Image by: Bannosuke, ©2016 Getty Images

We classify documents as we classify our memories. For documents, we use categories like "Type of Document" (e.g., invoice, bank statement, contract, video presentation, etc.), "Date of Document," "Number of Document," "Subject," "Entity," and so on. For memories, we use similar metadata fields, such as the people with you, location, date, state of mind (i.e., happy, sad, hungry, etc.), and feelings. So, we have both metadata fields as well as select lists for alternative content in a particular field.

We all have a huge number of memories—most likely, a lot more than documents. In our internal workflow manager, some of those memories, after following a predefined “retention and destruction” group of policies, are either sent to a "recycle bin" or to a "task list," where we can look at them every now and then. Those that go to the task list can then be ordered by date, subject, company, etc. Once we open one of those memories, we can relate it to others based on some sort of criteria, as we do with documents when we relate a particular invoice to the purchase orders that are behind it.

Bad memories go to the recycle bin as per instructions. Once there, only an expert can bring them back. This is very similar to documents that go to the recycle bin or get deleted. Eventually, they may be recovered but not by the day-to-day user. Our lives are so much easier when we have clear destruction policies and we follow them. Like the saying goes, “The first to apologize is the bravest. The first to forgive is the strongest. And the first to forget is the happiest.” Documents that follow a clear, legal, and published policy of destruction can get us off the hook in legal matters, and that should make us very happy.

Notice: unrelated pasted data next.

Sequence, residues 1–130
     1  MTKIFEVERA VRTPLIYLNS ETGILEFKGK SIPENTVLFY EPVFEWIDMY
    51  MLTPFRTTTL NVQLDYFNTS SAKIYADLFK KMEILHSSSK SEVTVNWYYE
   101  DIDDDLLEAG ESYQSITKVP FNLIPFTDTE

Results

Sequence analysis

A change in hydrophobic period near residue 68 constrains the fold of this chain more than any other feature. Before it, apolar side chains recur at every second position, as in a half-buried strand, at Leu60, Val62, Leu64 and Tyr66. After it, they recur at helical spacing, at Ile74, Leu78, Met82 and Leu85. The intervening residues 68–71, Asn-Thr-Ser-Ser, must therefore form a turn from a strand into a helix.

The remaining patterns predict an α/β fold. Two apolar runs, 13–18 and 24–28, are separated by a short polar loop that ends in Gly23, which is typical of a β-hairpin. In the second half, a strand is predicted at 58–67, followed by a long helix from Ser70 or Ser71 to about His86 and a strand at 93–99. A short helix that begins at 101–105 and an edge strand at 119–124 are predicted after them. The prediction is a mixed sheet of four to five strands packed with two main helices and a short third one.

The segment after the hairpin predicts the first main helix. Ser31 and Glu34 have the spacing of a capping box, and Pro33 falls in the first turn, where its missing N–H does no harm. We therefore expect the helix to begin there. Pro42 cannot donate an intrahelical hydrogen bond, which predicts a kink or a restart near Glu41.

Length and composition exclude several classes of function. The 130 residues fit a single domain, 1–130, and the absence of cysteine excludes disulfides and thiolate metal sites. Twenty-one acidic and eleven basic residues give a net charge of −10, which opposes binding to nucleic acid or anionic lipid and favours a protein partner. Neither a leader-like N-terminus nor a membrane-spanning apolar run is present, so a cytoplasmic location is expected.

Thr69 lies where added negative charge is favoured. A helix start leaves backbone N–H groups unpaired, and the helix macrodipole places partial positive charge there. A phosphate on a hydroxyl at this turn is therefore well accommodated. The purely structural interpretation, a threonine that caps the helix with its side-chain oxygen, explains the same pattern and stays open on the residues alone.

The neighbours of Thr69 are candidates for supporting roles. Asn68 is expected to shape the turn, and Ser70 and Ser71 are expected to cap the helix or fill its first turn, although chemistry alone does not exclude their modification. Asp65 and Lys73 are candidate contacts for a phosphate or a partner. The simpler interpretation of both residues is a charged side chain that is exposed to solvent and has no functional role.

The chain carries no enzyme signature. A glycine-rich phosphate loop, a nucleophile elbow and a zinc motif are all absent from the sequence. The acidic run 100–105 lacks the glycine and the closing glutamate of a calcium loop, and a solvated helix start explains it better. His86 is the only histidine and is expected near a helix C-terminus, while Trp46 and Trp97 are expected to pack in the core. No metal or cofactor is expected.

Yet, paying attention to retention rules is very fulfilling as well, like remembering anniversary dates of family and friends, asking our kids about the test at school that day, remembering the name of the bloke that sells your newspaper every day, and so on. The same can be applied to documents—if the retention policies are correct, we shouldn't have any operational or legal problems.

The road upon which we drive our companies is more or less bumpy according to how careless we are with our documents. So are our lives in relation to our memories. Be it a memory or a document, we are either happy or we learn. Life will present us with as many “learning” situations as needed, so the quicker we learn, the better.

Yes, you are right. This is not a usual article on information management, but the new year is approaching. After all, this is when we all tend to look inside our repository of memories and try to improve—or at least we should. Isn’t it what we do with our document repositories as well?

Let’s use our memories to improve our lives the same way we use documents to improve the company’s profits. A very happy New Year!

Joao Penha-Lopes specializes in document management since 1998. He holds two postgraduate degrees in document management from the University Lusofona (Lisbon) and a PhD from Universidad de Alcala de Henares (Madrid) in 2013, with a thesis studying the economic benefits of electronic document management (EDM). He is an ARMA collaborator for publications and professionally acts as an advisor on critical information flows mostly for private corporations. Follow him on Twitter @JoaoPL1000.

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